A collection of watercolours commissioned by the Bishop of Trujillo D. Baltasar Jaime Martínez Compañón y Bujanda, the originals of which are stored in nine volumes in the Library of the Royal Palace in Madrid. Published between 1987 and 1991 by Ediciones de Cultura Hispánica of the Instituto de Cooperación Iberoamericana in conjunction with the Patrimonio Nacional in Madrid.
D. Baltasar Jaime Martínez Compañón was born in 1735 in Cabredo, Navarra (Spain). After an intensive academic preparation based on Philosophy, Law and Music, he was ordained as a priest. Soon after this he travelled to the New World, having been appointed Bishop of Trujillo en el Virreinato del Peru in 1778 and ten years later Archbishop of Bogotá, where he died in 1797.
Between 1782 and 1785 he journeyed through the vast region that had been placed in his charge in order to acquaint himself with the area and to write its history. He made extensive notes to record his travels and had a series of colour illustrations made (over 1,400) which show the various facets of life in the north west of Peru: from plants, animals and maps to portraits of important people, different ethnic groups and a wide variety of the customs of the region, including the scores of 20 pieces of popular music.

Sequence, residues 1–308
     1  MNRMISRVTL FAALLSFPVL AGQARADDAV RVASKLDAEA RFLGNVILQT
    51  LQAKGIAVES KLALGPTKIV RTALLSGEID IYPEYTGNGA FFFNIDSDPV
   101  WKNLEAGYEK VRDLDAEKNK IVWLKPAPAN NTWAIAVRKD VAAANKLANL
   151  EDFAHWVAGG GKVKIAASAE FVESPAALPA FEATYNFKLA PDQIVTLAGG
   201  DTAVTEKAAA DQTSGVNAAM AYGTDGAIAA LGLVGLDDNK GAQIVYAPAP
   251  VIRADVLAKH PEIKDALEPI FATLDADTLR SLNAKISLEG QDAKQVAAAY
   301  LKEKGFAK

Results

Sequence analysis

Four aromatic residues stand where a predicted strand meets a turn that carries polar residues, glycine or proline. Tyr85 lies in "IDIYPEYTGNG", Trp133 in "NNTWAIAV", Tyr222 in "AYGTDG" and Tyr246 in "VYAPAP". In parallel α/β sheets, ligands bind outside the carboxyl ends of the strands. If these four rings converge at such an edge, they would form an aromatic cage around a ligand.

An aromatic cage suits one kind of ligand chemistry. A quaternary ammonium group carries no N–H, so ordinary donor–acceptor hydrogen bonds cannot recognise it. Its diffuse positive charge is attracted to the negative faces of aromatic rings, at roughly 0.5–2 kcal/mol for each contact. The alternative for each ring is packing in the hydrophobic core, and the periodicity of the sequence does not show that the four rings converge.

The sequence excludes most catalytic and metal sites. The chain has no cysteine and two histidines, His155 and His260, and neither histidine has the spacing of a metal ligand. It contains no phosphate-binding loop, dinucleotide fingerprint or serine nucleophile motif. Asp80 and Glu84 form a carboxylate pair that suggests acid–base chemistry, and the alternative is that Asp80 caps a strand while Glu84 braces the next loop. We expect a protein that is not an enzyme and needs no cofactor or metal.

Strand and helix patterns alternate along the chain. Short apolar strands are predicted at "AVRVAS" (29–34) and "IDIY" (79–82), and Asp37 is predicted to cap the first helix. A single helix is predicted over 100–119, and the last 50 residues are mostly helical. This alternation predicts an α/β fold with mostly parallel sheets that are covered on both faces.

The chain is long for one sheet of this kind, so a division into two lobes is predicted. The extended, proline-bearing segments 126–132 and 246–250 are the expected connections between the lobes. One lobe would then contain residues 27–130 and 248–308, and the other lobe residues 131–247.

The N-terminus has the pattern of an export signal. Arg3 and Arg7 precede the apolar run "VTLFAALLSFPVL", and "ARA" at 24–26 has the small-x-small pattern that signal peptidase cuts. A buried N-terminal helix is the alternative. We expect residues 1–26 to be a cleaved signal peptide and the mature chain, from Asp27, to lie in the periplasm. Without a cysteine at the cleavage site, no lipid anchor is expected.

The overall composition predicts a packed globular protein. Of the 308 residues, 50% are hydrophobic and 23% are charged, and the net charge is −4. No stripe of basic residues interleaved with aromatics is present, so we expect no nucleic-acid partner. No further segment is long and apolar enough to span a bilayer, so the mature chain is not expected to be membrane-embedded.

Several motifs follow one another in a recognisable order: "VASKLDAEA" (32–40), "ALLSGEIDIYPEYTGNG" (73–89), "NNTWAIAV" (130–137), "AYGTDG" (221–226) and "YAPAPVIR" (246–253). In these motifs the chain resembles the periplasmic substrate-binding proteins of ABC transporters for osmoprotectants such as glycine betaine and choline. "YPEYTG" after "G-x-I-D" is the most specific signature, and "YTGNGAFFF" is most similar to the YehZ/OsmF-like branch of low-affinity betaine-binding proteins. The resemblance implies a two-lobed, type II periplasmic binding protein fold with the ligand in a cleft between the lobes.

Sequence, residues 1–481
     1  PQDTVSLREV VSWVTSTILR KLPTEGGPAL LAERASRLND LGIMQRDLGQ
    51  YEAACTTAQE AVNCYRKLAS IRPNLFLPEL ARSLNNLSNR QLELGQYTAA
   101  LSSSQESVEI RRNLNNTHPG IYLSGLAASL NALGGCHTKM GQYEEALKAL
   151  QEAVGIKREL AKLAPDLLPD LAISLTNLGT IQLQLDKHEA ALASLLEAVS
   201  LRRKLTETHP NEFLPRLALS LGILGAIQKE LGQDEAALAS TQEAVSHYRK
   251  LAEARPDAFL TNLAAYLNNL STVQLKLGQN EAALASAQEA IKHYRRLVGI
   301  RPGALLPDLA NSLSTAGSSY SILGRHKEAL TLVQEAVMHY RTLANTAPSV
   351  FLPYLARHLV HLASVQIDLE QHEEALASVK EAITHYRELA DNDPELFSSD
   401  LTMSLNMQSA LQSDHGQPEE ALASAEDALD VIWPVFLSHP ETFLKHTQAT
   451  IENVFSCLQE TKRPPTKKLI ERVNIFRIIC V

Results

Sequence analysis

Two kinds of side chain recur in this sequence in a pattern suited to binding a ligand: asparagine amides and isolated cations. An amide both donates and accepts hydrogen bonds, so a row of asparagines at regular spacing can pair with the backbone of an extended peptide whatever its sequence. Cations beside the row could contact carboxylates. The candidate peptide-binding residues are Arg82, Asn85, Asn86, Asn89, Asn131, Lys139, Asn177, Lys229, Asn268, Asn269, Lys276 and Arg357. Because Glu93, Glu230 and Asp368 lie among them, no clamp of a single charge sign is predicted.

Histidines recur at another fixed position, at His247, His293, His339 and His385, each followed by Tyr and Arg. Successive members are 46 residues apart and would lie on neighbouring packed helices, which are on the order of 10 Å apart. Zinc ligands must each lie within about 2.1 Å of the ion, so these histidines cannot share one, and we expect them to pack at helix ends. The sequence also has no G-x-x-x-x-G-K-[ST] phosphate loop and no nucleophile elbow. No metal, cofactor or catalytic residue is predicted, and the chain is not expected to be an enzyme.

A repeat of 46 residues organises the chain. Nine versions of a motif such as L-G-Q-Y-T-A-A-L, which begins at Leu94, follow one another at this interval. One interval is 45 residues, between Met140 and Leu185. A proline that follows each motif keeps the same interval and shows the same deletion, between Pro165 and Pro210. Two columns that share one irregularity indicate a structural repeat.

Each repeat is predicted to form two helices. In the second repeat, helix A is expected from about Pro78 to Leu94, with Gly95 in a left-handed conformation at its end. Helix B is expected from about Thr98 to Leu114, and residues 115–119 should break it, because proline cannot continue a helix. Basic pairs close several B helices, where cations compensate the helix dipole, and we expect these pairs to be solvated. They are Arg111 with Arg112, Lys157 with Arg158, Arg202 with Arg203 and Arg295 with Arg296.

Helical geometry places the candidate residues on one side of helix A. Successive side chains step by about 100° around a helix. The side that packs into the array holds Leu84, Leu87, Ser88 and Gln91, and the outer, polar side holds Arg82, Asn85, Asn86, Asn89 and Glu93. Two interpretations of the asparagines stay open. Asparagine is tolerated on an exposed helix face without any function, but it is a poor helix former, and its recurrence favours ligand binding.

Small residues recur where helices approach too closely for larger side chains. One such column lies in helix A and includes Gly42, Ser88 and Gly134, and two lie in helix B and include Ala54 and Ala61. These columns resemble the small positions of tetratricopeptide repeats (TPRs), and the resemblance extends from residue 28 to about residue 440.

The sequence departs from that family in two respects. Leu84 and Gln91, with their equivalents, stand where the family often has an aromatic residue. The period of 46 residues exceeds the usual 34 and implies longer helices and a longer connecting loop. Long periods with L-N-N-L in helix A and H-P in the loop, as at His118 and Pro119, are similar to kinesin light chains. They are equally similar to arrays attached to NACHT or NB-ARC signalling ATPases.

Martínez Compañón sent these illustrations to the King of Spain, Carlos IV. They were grouped into nine volumes, which now form part of the collection of the Royal Library at the Royal Palace in Madrid. He also sent archaeological pieces and a large number of works of art and natural specimens.
Volume I contains a series of maps, plans and drawings relating to the diocese of Trujillo, its provinces and some of its cities, along with portraits of local figures. Volume II includes scenes of local life of the different ethnic groups in the Trujillo area; there are also 18 plates with the scores of the 20 pieces of music of the codex. Volumes III to V are dedicated to the plant kingdom. The following three volumes of the codex are devoted to the animal kingdom and, finally, volume IX illustrates the indigenous past of Peru.
The study of the flora of Peru, comprising 489 plates, was unprecedented in its scope and floral richness, surpassing even the work of the Spanish academics Ruiz and Pavón during their expedition of 1778-1788, which for the first time in America used the taxonomic methods presented by Linneo in his Natural System.
Practically all the images of the Codex Trujillo in Peru in the 18th century can be found in the website of the Biblioteca Virtual Miguel de Cervantes.